Does the American Recovery and Reinvestment Act of 2009 truly reflect the needs of Americans? Tell us what you need for a personal economic boost and contribute to The Takeaway's Economic Stimulus Plan of 2009.
Maybe you need a home loan, tuition or credit cards paid off. Tell us and we'll do two things: First, we'll automatically add it to a "user-generated" bill, The Takeaway's Economic Stimulus Plan of 2009. Second, we'll have our powerful cadre of lobbyists influence members of Congress to — Oh, budget cuts...
While green investors are throwing money at solar, wind and nuclear technology, researchers are exploring some innovative and surprisingly attractive alternatives to the alternatives.
Read our top ten list, including notes on the possible impacts of the technologies in 2020 from The Energy Roadmap's Garry Golden.
All this week, The Takeaway is on a Power Trip, taking an in-depth look at the future of energy: technologies, ideas, innovators, and your stories about saving energy.
Political and industrial leaders are now in near consensus: The world must change how it produces and consumes energy to address the geopolitical and environmental challenges of our current energy systems. The transition will take decades, but the vision is starting to come into focus.
A message from the welcoming committee at the World Economic Forum in Davos, Switzerland.
For the actual news from Davos, listen to our segment with the New York Times' Andrew Ross Sorkin.
The 20-year-old single "Don't Believe the Hype" by hip-hop icons Public Enemy has been a constant thought of mine in days up and through the inauguration of Barack Obama as the 44th president of the United States. The seminal political rap tune instructs black Americans, and others, to look beyond contrived media stereotypes to explore the complexities of black males and the negotiation of social and political spaces.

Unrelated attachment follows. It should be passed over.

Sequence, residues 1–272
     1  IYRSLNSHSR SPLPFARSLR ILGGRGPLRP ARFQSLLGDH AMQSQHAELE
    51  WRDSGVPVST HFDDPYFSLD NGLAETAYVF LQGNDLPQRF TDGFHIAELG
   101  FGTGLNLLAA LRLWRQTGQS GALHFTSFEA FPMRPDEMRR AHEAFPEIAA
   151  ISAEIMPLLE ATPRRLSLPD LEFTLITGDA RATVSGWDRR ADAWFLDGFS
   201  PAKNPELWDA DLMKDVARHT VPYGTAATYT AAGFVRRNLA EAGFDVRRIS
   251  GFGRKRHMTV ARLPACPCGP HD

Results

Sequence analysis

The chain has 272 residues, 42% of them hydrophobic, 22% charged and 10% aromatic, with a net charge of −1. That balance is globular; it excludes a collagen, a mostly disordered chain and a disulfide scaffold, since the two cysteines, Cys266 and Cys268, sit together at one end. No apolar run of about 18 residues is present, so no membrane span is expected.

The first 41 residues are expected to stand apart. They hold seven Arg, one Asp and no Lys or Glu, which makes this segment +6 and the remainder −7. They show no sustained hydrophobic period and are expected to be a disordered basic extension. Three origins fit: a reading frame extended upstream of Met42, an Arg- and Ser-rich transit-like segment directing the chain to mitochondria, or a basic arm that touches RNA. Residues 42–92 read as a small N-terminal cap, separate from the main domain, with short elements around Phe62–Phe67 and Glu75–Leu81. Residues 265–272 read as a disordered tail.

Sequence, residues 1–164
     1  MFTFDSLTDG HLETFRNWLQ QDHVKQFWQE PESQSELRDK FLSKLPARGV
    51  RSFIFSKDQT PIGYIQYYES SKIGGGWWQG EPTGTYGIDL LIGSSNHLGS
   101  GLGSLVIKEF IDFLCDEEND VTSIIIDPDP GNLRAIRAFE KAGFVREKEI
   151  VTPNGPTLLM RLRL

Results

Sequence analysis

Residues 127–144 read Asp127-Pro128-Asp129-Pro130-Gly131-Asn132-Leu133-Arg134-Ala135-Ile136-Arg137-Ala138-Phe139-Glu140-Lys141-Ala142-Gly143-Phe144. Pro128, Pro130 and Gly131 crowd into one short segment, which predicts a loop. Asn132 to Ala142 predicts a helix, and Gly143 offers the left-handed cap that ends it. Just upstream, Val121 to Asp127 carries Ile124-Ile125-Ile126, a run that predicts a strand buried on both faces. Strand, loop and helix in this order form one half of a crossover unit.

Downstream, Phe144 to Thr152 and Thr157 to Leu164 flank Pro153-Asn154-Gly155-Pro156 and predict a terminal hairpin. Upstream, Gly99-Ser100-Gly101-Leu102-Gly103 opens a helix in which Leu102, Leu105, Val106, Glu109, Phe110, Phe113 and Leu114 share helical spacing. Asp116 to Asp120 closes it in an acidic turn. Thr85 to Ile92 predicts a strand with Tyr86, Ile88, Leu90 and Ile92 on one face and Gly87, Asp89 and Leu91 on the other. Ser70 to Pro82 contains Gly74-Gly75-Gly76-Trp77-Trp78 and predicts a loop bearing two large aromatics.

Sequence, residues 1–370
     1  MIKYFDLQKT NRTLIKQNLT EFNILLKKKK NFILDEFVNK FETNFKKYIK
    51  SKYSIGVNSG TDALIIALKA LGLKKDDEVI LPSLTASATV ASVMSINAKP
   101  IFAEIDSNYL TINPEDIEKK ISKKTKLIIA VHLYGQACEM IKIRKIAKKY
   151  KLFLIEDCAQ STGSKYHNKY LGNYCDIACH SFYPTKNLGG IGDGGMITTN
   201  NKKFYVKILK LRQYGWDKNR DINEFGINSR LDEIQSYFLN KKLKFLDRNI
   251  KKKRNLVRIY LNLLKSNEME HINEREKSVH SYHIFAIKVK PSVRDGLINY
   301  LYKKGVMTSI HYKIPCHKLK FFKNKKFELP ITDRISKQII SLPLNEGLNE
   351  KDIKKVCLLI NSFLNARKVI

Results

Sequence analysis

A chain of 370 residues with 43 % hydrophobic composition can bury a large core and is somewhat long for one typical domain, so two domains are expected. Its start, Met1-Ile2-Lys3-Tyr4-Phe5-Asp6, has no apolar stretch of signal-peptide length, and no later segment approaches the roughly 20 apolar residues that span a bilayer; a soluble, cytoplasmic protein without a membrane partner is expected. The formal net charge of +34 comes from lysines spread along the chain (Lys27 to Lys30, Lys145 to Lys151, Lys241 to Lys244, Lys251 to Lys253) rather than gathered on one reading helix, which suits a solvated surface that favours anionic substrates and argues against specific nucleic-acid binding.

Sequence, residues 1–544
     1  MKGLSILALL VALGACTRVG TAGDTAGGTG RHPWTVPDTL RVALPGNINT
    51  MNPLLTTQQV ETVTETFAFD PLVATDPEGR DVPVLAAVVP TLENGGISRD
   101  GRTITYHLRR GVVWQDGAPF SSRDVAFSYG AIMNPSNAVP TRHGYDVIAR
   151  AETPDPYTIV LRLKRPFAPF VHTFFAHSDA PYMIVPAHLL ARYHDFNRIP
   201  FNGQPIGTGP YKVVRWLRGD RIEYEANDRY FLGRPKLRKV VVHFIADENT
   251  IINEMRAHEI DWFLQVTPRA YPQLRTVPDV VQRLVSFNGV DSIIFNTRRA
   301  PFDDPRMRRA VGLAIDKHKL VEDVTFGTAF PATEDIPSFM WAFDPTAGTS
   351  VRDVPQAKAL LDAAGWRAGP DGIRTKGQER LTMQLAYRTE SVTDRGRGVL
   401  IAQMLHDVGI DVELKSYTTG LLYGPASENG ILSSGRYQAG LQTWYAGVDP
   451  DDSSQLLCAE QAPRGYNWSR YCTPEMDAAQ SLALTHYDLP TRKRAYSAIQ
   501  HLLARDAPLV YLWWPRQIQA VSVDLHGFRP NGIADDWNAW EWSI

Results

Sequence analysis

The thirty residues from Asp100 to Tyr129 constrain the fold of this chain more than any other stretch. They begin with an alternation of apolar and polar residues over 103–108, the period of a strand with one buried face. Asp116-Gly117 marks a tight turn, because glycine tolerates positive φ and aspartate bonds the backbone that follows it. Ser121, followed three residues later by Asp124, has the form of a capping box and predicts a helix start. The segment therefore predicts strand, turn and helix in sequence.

Having this lyrical tome — however dated — as a backdrop in considering the celebration of so many blacks on the election of President Obama can be helpful.
In cutting to the quick of Obama, there is an appreciation of him as articulate (I hated that reference to me by condescending teachers in school), self-disclosing and a brilliant, disciplined political mind. His list of personal and professional positives represents much of the best in the black community. And to see him appreciated so grandly gives us, and obviously many others, a sense of hope that we can be seen beyond the boxes that so often separate us from being seen as whole.
This is not to say that Mr. President is all-the-way on point. He is a politician. One who has manipulated circumstance, situation and stakeholders in ways that politicians do, and that's OK as long as there is an understanding of it all.
Just before the election of Mr. Obama to the presidency I opined that I'd sipped the Kool-Aid. I explained that I was a true believer, but only halfway. As with many who experience marginalization in this country, I believe in the ideal of American democracy — I dare say many black folk do. However that ideal has not been, nor is it now bound in one individual, no matter how cool and competent.
So, with President Obama there is true belief. His social standing and thoroughness gives us an opportunity to bet on black. He has allowed Us to step forward in this pivotal point in history.
Nonetheless, 'politics' is still 'politricks,' and we'd be wise to consider the words of Chuck D.